AlphaCode 2 is the hidden champion of Google’s Gemini project


With Gemini, Google also presented AlphaCode 2. The code model outperformed 85 % of human programmers in a competition.

In February 2022, Deepmind unveiled AlphaCode, an AI that writes code at a competitive level. Unlike OpenAI’s Codex, AlphaCode was based on a Transformer-based encoder-decoder model. AlphaCode’s largest model had 41.4 billion parameters and was trained using 715 gigabytes of code samples from GitHub. After training, AlphaCode solved 34.2 % of all problems in the CodeContests dataset and achieved an average score in the top 54.3 % in ten Codeforce competitions. This means that AlphaCode outperformed almost 46 % of the human participants.

Compared to its predecessor, AlphaCode 2 shows a significant leap in performance, outperforming 85 % of the human competition. Google Deepmind attributes this increase in performance to the use of the Gemini Pro decoder-based model as the basis for all components of AlphaCode 2.

AlphaCode 2 uses Gemini Pro models and massive sampling

AlphaCode 2 consists of several components, including a family of policy models to generate code samples, a sampling mechanism to generate large numbers of code samples, a filtering mechanism to remove non-compliant code samples, a clustering algorithm to group similar code samples, and a scoring model to select the best candidates from the largest clusters of code samples.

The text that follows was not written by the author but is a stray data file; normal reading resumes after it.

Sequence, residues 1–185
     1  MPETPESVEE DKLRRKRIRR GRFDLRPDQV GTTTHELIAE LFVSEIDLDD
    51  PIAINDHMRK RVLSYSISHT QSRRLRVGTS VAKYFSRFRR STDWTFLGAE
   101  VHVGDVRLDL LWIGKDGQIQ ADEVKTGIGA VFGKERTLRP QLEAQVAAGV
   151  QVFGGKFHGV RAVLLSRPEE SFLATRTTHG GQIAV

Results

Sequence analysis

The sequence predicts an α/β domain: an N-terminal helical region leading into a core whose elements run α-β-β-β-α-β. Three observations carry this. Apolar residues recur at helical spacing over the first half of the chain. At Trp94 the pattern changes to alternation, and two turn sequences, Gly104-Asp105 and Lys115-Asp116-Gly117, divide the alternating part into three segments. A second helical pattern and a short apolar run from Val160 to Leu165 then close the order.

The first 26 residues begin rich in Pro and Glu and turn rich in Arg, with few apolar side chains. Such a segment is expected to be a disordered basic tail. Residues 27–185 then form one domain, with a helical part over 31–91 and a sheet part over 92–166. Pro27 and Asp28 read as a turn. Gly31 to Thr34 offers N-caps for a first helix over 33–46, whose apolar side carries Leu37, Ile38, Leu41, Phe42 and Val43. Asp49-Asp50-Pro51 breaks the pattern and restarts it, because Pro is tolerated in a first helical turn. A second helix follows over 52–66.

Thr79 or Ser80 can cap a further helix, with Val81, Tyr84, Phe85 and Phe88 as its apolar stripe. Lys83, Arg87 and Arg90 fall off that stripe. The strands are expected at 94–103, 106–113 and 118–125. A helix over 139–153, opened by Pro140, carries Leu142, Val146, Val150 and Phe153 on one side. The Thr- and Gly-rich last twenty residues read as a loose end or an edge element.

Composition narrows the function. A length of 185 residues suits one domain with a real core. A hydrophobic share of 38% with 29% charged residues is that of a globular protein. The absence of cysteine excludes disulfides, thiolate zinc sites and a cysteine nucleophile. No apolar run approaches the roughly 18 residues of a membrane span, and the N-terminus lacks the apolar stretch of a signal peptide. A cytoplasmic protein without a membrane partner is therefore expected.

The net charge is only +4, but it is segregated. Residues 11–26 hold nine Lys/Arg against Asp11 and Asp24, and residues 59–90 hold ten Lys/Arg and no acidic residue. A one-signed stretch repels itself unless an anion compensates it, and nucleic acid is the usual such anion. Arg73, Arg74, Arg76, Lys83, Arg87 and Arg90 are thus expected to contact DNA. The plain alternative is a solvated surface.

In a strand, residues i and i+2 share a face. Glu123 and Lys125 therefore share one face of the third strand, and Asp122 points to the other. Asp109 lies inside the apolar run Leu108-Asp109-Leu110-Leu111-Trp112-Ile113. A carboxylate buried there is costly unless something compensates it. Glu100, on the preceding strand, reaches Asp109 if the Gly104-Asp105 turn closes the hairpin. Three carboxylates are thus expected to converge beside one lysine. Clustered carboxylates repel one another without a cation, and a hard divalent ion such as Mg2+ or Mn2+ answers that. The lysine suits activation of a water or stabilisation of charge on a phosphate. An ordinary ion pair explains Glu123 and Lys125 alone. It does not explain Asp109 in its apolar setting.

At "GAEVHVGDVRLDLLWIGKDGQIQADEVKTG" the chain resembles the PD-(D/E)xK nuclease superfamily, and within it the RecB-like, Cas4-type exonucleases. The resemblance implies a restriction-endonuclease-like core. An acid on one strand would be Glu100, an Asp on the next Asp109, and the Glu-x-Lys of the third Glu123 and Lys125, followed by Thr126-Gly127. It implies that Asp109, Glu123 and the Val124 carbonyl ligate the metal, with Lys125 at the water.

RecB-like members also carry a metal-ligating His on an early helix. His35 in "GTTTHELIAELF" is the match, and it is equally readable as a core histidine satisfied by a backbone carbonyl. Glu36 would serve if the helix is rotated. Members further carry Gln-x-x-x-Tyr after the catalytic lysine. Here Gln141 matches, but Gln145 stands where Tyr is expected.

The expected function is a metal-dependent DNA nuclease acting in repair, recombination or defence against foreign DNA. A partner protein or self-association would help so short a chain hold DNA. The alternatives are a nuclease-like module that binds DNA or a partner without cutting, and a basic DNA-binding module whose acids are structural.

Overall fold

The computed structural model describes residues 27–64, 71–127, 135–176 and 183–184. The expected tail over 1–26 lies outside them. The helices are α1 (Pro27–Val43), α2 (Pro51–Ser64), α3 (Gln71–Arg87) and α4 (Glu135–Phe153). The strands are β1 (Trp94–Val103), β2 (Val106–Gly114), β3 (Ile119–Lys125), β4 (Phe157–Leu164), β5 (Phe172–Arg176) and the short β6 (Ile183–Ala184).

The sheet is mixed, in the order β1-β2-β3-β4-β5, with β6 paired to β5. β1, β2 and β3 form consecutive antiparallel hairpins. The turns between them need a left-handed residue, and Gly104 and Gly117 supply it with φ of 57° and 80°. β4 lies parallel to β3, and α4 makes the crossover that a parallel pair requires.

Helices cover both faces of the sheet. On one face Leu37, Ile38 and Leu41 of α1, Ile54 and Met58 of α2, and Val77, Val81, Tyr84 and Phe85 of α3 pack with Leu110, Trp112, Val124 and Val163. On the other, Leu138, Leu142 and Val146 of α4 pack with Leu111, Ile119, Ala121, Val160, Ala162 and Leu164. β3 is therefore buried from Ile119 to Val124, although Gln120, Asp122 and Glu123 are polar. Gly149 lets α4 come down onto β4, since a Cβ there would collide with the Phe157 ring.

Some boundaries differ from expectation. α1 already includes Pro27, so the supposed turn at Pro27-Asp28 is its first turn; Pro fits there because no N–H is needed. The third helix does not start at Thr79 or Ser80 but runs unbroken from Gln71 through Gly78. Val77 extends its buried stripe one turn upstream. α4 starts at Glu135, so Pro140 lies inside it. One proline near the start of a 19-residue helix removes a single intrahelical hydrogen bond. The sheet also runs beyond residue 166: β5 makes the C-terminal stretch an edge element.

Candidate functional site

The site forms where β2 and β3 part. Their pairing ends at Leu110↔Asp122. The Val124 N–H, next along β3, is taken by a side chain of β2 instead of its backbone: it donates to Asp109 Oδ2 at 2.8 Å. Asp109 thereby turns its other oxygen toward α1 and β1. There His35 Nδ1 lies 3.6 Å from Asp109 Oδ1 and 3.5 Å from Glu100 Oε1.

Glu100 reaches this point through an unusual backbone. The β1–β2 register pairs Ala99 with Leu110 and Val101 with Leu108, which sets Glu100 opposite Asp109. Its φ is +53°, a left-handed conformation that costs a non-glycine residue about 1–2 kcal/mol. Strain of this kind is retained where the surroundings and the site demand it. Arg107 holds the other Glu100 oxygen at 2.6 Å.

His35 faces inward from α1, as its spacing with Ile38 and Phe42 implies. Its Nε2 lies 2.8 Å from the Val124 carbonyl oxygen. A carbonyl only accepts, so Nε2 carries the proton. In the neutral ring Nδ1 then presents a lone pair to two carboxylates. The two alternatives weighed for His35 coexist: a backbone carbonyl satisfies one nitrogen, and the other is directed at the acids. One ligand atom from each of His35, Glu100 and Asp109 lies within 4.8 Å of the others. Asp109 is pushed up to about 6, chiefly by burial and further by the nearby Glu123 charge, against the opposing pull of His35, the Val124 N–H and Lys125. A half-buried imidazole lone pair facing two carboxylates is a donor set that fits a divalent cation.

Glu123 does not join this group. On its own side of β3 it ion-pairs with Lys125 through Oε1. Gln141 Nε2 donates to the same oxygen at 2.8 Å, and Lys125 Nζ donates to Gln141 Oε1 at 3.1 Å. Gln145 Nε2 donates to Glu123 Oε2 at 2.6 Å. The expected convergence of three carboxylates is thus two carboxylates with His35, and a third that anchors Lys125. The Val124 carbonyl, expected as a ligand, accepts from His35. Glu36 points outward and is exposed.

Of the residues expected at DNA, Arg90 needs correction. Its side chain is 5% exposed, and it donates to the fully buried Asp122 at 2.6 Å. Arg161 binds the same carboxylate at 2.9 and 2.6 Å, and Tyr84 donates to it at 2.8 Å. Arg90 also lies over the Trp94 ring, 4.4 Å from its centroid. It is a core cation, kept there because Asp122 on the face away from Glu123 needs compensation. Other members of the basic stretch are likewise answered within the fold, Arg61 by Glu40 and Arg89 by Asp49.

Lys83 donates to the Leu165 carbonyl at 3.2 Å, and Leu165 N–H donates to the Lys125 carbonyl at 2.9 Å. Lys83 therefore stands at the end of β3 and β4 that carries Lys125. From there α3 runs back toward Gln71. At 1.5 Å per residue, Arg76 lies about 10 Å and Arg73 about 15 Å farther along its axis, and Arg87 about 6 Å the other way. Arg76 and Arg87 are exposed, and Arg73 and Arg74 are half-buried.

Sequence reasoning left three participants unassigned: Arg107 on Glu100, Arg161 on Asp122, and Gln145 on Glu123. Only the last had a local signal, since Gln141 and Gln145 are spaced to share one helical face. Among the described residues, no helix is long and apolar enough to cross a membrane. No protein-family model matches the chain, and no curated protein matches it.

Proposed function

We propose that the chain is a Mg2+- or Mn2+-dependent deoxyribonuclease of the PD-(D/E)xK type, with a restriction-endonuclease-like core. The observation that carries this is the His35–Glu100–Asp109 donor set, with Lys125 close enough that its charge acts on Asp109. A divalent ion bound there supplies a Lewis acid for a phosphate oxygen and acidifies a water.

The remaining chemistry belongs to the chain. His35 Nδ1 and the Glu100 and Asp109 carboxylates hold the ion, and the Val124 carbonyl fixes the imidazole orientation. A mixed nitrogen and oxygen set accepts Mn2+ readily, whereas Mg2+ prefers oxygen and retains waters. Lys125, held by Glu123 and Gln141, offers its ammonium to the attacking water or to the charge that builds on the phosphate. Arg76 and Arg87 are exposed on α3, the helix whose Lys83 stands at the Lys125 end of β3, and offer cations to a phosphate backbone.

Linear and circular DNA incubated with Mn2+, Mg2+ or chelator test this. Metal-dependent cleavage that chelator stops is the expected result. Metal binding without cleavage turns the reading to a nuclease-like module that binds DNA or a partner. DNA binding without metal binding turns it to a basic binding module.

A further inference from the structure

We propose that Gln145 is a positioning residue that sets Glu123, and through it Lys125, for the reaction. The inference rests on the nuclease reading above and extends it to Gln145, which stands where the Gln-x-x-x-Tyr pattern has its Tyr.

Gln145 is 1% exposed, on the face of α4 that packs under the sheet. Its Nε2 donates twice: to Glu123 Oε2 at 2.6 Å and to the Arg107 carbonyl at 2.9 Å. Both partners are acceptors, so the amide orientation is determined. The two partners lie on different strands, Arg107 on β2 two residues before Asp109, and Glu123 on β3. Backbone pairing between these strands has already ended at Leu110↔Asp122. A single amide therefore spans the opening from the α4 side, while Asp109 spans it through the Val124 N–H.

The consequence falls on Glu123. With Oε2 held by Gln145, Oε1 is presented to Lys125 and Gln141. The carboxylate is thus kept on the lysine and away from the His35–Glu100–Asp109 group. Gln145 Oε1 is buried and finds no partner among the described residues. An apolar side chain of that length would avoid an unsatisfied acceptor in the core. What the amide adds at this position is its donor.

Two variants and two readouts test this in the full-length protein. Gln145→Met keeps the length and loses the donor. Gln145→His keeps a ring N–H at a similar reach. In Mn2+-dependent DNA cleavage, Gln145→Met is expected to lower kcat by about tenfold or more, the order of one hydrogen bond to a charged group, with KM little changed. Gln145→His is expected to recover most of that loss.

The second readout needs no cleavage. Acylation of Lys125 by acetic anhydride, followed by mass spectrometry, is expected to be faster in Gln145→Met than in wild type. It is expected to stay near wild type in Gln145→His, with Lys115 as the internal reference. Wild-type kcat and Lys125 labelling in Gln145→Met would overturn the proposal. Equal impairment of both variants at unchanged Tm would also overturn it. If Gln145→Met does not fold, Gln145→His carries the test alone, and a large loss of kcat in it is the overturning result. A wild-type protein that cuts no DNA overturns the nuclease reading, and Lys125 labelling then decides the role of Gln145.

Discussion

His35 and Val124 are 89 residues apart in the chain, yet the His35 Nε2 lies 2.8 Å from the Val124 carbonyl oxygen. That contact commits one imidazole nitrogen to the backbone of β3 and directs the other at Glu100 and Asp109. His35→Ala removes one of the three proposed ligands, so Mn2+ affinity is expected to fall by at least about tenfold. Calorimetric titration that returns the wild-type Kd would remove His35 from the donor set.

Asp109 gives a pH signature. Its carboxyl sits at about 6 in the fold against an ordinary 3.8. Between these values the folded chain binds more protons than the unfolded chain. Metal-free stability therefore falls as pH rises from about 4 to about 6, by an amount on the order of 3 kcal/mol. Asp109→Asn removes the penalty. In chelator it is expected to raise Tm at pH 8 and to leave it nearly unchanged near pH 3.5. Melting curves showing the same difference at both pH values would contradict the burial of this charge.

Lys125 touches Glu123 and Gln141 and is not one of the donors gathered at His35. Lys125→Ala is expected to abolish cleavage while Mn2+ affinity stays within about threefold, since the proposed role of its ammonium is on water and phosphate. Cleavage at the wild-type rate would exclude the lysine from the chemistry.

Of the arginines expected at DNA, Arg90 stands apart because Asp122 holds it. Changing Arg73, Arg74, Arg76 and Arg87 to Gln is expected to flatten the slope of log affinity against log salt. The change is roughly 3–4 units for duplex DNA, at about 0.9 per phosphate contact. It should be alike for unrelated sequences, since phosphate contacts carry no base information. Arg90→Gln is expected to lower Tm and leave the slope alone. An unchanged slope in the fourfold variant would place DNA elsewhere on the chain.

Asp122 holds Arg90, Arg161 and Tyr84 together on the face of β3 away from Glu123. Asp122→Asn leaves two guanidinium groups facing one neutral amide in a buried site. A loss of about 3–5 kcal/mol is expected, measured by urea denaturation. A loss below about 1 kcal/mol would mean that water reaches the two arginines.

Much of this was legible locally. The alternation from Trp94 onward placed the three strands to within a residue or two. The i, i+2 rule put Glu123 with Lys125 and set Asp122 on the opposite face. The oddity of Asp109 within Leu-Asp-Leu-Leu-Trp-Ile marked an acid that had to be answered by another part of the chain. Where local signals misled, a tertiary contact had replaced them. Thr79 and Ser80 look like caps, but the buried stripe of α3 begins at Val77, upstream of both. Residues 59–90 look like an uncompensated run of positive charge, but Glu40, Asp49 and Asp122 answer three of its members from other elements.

The system then uses massive sampling, generating up to one million code examples per problem. Sampling is done evenly across the family of custom models, with only C++ examples used for AlphaCode 2.

The team retested AlphaCode 2 on the Codeforces platform. A total of 77 problems from 12 recent competitions with over 8,000 participants were evaluated. AlphaCode 2 solved 43 % of these competition problems, almost twice as many as the original AlphaCode. In the two highest-scoring competitions, AlphaCode 2 outperformed 99.5% of the entrants. The team believes that performance can be improved even further with Gemini Ultra.

Google Deepmind sees the future in human-machine collaboration

Despite the impressive results of AlphaCode 2, a lot of work is still needed to develop systems that can reliably match the performance of the best human programmers. The system also requires a lot of trial and error and is too expensive to be used on a large scale.

However, AlphaCode 2 opens up the possibility of positive interaction between the system and human programmers, who can specify additional filter properties. In this combination of AlphaCode 2 and human programmers, the system even achieves levels above 90%. The developers at Google DeepMind hope that this kind of interactive programming will be the future of programming, where programmers use AI models as collaborative tools to analyze problems, suggest code designs, and help with implementation.

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